Background: Fruit and vegetable-rich diets are associated with a reduced cardiovascular disease (CVD) risk. This protective effect may be a result of the phytochemicals present within fruits and vegetables (F&V). However, there can be considerable variation in the content of phytochemical composition of whole F&V depending on growing location, cultivar, season and agricultural practices, etc. Therefore, the present study investigated the effects of consuming fruits and vegetables as puree-based drinks (FVPD) daily on vasodilation, phytochemical bioavailability, antioxidant status and other CVD risk factors. FVPD was chosen to provide a standardised source of F&V material that could be delivered from the same batch to all subjects during each treatment arm of the study.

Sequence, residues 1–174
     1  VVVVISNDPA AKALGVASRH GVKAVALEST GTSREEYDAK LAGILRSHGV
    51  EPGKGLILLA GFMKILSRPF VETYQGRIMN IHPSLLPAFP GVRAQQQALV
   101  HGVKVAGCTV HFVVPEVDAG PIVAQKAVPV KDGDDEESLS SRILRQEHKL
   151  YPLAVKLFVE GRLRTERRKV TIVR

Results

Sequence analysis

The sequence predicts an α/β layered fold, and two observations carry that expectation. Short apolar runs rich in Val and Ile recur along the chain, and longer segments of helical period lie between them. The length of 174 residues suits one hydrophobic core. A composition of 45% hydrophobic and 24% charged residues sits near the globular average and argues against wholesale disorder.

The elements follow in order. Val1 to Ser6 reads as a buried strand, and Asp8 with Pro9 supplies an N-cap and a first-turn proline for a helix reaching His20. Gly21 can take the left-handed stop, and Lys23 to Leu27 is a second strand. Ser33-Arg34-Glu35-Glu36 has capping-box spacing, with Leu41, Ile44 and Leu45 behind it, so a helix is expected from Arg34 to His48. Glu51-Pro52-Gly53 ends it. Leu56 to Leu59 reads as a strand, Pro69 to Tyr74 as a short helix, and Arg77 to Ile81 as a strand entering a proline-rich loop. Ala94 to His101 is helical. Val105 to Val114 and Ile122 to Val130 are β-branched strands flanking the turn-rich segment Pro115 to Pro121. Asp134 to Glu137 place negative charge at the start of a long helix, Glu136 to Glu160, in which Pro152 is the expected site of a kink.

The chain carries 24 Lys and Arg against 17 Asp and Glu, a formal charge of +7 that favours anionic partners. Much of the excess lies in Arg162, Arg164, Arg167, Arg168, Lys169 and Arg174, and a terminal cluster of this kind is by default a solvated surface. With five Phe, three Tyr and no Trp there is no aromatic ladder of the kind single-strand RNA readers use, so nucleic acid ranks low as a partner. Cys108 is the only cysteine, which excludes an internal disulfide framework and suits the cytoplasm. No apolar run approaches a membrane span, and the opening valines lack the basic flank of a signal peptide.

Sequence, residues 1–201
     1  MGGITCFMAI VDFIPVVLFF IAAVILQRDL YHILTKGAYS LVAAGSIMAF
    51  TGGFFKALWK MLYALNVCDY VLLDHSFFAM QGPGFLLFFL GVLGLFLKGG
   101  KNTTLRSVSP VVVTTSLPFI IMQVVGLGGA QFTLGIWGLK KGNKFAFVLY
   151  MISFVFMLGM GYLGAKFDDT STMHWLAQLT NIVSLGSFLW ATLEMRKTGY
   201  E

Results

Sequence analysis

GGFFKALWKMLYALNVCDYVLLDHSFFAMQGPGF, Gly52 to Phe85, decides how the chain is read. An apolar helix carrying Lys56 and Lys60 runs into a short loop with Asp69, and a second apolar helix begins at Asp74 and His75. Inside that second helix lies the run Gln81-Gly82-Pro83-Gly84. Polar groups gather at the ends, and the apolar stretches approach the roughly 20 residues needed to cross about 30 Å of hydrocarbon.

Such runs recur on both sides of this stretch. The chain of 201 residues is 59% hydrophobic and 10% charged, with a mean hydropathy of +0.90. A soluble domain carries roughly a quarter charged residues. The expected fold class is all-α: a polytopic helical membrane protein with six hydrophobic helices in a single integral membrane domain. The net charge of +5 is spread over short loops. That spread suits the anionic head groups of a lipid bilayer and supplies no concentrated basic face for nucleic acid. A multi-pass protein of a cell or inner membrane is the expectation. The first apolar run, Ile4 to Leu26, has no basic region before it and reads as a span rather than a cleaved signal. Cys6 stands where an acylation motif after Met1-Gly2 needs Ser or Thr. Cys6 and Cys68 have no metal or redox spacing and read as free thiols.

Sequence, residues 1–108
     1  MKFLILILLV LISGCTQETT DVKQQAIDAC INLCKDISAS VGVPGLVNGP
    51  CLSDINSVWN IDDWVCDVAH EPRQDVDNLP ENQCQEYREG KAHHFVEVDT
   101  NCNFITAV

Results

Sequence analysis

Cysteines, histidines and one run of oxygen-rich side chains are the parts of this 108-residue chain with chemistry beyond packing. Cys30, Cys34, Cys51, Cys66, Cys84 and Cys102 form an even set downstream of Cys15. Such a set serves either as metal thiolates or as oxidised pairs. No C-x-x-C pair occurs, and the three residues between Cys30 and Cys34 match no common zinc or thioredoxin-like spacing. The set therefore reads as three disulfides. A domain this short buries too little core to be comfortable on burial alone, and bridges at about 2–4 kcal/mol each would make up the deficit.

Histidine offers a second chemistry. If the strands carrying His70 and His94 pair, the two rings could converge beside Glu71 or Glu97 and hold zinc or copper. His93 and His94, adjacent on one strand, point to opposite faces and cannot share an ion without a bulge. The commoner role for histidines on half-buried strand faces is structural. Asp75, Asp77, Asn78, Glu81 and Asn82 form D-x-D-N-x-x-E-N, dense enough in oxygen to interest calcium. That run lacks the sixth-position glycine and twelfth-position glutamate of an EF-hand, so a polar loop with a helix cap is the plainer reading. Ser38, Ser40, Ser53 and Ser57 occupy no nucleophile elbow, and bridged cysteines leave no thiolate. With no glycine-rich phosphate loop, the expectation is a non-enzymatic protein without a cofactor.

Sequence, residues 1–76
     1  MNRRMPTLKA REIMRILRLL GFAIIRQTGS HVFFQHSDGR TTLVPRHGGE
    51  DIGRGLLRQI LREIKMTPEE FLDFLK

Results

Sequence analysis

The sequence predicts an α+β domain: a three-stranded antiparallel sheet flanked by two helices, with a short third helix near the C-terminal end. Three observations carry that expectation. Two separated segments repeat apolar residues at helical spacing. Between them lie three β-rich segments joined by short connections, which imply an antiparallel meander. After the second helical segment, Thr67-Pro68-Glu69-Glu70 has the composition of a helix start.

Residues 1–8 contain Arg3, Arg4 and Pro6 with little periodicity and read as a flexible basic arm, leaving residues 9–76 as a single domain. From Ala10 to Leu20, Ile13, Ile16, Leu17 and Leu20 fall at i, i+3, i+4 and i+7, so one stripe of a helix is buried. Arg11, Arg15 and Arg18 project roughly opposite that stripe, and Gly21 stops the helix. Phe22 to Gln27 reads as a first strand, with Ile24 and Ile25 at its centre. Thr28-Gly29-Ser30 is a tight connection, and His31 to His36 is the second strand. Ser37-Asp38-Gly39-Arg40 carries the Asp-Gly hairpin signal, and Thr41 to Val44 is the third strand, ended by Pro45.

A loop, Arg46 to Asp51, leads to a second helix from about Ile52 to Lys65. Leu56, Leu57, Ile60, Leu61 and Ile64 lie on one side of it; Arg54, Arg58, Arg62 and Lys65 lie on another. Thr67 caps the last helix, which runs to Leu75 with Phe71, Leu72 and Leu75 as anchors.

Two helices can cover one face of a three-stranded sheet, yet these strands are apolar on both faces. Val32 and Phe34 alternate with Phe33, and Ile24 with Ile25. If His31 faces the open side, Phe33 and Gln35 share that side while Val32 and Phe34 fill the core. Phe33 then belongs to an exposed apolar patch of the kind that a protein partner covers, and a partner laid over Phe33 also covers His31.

Methods: Thirty-nine subjects completed the randomised, controlled, cross-over dietary intervention. Subjects were randomised to consume 200 mL of FVPD (or fruit-flavoured control), daily for 6 weeks with an 8-week washout period between treatments. Dietary intake was measured using two 5-day diet records during each cross-over arm of the study. Blood and urine samples were collected before and after each intervention and vasodilation assessed in 19 subjects using laser Doppler imaging with iontophoresis.
Results: FVPD significantly increased dietary vitamin C and carotenoids (P < 0.001), and concomitantly increased plasma α- and β-carotene (P < 0.001) with a near-significant increase in endothelium-dependent vasodilation (P = 0.060).
Conclusions: Overall, the findings obtained in the present study showed that FVPD were a useful vehicle to increase fruit and vegetable intake, significantly increasing dietary and plasma phytochemical concentrations with a trend towards increased endothelium-dependent vasodilation.
© 2012 The Authors Journal of Human Nutrition and Dietetics © 2012 The British Dietetic Association Ltd.